Within 45 minutes of my presentation, I received three e-mails from new advisers interested in becoming the next generation of ambassadors. The desire of young people to help is there – we need only provide them the opportunity and trust them to take it seriously.
When the lights went on in the theater after Half the Sky Live, I felt the same way I had when I closed my copy of Nick Kristof’s book – overwhelmed. With so many seemingly insurmountable challenges facing women in the developing world – from inadequate maternal care and lack of access to financial services to harrowing traditions like bride abduction – how do I choose which issue to engage in and which organization to support? What makes one issue more important than another?
Kristof’s advice, offered in a panel discussion during the event, was to be inspired by one story. Then, become passionate about that niche issue, identify the organization that has done the most – or most innovative – work in that space, and get involved.
The onus is on nonprofits to clearly communicate their work and the touch points for individuals who want to share it. Following are suggestions for organizations seeking to do just that:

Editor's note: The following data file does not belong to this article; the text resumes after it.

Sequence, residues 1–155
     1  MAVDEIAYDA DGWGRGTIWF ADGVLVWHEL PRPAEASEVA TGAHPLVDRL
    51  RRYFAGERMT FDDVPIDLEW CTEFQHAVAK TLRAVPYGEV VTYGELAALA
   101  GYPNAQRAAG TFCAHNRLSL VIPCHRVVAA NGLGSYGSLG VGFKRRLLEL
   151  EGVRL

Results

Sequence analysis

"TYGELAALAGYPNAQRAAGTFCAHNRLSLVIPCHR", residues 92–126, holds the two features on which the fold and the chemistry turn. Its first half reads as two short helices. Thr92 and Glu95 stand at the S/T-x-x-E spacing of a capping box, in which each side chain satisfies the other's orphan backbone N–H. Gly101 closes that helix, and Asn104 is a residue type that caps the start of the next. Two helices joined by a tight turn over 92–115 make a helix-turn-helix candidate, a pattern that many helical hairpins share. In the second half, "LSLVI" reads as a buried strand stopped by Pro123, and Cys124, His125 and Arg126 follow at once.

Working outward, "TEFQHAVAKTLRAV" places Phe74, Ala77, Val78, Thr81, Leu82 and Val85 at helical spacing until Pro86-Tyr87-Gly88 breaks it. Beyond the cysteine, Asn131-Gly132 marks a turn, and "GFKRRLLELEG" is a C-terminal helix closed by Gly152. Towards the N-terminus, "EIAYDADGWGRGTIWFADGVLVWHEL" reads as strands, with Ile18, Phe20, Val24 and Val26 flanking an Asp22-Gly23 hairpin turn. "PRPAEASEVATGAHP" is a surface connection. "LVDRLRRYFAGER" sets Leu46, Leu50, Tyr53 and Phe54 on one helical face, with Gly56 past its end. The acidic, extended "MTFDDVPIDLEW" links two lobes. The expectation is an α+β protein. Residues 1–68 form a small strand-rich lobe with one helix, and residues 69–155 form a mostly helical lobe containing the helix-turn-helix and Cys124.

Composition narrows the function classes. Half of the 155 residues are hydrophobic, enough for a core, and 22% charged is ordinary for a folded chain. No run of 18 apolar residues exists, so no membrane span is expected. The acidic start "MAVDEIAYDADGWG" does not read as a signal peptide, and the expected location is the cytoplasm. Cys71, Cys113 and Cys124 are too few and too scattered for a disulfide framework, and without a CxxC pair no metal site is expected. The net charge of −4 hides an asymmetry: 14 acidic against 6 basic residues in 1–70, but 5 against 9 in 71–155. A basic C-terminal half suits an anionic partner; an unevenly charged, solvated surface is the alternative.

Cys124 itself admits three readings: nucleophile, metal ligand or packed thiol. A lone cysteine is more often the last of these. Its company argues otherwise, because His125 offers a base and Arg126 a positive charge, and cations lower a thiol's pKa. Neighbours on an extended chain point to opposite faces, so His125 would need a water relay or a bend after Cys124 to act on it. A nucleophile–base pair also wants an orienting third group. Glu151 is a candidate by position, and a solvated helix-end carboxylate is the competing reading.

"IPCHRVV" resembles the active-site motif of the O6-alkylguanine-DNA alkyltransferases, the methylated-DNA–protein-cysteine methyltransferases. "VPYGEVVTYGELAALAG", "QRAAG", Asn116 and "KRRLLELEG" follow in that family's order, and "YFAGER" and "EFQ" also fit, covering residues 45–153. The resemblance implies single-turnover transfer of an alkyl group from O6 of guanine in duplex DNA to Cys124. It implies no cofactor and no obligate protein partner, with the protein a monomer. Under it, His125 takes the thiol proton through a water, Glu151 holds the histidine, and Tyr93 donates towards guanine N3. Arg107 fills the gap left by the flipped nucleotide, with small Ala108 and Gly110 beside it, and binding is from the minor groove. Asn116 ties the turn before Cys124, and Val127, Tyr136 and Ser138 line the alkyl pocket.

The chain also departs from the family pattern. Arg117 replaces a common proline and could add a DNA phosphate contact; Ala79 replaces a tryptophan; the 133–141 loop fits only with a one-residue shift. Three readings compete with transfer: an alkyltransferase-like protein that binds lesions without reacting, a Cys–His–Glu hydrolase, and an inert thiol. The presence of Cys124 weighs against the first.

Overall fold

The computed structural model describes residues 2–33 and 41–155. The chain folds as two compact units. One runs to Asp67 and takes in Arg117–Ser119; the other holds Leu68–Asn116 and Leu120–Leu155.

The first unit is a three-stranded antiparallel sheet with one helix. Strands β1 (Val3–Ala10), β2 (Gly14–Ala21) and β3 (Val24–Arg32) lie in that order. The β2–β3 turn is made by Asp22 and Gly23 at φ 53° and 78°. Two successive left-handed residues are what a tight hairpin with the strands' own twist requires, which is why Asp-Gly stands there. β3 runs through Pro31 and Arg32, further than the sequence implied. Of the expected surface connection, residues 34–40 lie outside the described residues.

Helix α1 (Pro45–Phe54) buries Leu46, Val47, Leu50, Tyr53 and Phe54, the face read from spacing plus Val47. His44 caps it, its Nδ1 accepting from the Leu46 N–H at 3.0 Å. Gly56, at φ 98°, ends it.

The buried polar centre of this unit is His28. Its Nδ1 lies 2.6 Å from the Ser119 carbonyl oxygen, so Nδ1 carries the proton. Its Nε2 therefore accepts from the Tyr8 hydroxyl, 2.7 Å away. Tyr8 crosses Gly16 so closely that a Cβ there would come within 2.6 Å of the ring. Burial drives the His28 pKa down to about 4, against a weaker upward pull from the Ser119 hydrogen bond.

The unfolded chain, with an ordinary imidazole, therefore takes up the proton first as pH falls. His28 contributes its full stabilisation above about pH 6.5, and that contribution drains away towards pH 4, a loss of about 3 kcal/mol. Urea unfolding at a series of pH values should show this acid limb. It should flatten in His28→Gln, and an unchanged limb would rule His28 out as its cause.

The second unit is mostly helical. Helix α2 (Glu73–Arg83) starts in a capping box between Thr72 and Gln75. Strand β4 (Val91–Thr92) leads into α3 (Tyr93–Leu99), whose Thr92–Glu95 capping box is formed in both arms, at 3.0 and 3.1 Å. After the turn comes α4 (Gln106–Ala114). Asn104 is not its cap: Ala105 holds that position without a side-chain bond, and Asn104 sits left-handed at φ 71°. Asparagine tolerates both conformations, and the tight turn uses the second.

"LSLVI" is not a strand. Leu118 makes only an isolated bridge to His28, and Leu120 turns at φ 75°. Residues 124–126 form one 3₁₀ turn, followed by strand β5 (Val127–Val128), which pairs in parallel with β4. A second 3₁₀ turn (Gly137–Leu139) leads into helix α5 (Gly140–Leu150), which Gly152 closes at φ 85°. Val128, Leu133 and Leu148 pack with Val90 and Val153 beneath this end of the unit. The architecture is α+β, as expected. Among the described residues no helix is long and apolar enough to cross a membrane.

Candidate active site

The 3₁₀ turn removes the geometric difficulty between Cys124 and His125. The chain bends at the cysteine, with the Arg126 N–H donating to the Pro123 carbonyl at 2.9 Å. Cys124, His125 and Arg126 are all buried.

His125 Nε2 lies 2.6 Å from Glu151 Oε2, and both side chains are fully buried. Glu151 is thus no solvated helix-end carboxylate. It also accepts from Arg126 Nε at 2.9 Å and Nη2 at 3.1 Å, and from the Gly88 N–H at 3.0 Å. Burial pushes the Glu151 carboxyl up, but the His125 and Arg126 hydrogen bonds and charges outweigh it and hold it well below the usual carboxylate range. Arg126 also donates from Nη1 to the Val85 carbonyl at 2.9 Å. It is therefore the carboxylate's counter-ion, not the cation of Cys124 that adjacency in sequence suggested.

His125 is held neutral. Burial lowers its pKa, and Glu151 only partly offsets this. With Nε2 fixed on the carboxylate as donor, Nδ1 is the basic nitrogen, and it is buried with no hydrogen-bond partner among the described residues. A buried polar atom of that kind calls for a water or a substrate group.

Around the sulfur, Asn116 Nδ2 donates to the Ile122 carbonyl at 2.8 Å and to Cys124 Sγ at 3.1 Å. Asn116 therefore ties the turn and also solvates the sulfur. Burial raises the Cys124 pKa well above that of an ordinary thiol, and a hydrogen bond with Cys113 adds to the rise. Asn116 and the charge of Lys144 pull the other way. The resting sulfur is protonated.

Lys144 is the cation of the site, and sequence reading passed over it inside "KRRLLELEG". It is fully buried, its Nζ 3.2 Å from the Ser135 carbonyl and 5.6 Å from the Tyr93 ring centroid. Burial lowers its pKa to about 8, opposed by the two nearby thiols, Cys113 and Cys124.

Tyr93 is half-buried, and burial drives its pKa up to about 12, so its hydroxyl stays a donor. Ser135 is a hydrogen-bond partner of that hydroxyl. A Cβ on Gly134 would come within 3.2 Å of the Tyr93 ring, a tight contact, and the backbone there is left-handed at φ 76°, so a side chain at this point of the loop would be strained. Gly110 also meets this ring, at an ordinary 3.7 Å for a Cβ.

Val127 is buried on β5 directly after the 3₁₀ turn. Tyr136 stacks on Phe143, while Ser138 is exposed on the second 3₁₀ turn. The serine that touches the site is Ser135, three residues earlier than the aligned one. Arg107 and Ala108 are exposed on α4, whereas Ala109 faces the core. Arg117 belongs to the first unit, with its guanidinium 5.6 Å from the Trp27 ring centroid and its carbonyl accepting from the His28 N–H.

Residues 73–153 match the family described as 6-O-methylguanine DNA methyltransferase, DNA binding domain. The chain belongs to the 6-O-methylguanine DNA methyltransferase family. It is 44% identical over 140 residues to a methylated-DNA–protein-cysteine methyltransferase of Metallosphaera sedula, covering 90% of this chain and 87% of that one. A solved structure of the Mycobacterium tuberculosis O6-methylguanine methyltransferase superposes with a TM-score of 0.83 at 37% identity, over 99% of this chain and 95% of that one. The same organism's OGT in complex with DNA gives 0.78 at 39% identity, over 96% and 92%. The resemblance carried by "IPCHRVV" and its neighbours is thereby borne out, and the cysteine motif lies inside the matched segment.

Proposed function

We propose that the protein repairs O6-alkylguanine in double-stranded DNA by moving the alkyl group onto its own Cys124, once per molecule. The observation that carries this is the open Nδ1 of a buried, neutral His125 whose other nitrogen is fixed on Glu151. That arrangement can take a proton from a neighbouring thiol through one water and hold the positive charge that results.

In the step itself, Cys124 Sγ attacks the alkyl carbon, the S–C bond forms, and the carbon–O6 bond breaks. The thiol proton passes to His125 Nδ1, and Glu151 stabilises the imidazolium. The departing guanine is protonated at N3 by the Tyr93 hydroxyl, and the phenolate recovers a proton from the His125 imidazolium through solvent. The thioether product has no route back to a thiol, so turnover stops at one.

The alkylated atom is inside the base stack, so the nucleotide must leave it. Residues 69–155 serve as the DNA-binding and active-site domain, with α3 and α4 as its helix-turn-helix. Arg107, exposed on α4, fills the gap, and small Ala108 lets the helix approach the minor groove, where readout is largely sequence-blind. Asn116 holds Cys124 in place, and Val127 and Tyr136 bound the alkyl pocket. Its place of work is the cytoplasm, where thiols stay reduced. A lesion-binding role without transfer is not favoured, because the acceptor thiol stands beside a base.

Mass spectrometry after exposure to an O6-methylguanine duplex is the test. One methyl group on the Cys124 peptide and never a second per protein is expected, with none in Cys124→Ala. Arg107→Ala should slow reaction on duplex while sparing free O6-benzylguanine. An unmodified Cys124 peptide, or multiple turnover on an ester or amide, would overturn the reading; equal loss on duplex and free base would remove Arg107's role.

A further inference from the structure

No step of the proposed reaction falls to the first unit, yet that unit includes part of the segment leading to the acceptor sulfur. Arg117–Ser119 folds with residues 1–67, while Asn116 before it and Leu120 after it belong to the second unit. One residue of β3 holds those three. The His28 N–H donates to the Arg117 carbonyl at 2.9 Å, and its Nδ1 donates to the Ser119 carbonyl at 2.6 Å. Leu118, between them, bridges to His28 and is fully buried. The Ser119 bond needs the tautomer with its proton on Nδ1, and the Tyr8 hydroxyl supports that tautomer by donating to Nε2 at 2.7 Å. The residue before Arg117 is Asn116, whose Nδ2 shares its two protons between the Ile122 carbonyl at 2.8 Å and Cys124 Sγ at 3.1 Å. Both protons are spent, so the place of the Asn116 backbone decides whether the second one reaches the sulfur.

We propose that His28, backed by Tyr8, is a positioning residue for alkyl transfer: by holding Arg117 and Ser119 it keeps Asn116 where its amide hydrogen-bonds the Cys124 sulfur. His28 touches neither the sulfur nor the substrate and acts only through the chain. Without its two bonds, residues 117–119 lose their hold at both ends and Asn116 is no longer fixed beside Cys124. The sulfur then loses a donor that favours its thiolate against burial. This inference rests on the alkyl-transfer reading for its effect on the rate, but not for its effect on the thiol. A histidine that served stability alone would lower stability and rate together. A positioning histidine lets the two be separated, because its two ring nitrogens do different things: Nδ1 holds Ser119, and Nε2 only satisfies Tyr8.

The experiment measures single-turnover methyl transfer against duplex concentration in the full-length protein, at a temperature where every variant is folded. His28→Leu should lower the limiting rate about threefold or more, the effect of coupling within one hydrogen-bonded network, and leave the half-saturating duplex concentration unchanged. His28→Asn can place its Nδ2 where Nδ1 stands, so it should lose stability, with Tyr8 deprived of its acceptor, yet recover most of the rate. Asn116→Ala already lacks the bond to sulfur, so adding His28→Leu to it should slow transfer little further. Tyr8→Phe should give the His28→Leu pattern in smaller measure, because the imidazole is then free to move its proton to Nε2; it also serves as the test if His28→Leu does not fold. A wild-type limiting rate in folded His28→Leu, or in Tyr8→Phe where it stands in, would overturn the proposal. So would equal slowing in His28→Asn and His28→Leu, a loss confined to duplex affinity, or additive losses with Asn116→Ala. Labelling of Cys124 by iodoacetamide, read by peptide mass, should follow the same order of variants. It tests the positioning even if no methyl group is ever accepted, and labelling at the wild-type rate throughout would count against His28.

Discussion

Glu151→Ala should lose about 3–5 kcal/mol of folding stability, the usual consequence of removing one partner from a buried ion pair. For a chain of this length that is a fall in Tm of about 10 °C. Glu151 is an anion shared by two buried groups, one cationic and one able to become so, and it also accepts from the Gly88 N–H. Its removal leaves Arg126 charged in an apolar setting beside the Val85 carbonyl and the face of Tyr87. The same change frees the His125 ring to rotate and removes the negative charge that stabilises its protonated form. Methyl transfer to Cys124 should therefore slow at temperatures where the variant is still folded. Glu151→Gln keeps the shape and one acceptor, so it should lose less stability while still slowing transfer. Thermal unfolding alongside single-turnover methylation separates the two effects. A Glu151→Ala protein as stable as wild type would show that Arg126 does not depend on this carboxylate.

- Encourage individuals to become experts. Many of the issues described in Half the Sky are almost inconceivable for people to wrap their minds around. Nonprofits need to view channels like their Web site, social media presence and collateral materials as opportunities to make their work more accessible. If individuals can understand and embrace your work, they’re more likely to become your advocates. See Adrienne’s suggestions for storytelling.
- Maintain two-way conversation. Nonprofits need to give supporters a sense of their personality and the progress they’re making – using the social media tool at their disposal. A great example is the effort by Reeta Roy, president and CEO of our MasterCard Foundation client, to share her experiences during a visit to Uganda and Kenya. Reeta sent frequent Tweets, and blogged about the people she met and the impact the Foundation has had on them. This made me – and other supporters – more invested than ever in their work.
- Provide creative opportunities for engagement. It’s not enough to invite supporters to donate, join a mailing list or write a letter to their congressman. Nonprofits need to provide opportunities for deeper engagement. For example, a contest in which the biggest fundraiser earns an on-site visit at the organization, or a live chat that introduces supporters to beneficiaries of your programs. You could also feature stories about passionate advocates on your Web site or organize meet-ups where they discuss the issues that matter to them. The sky’s the limit (no pun intended)!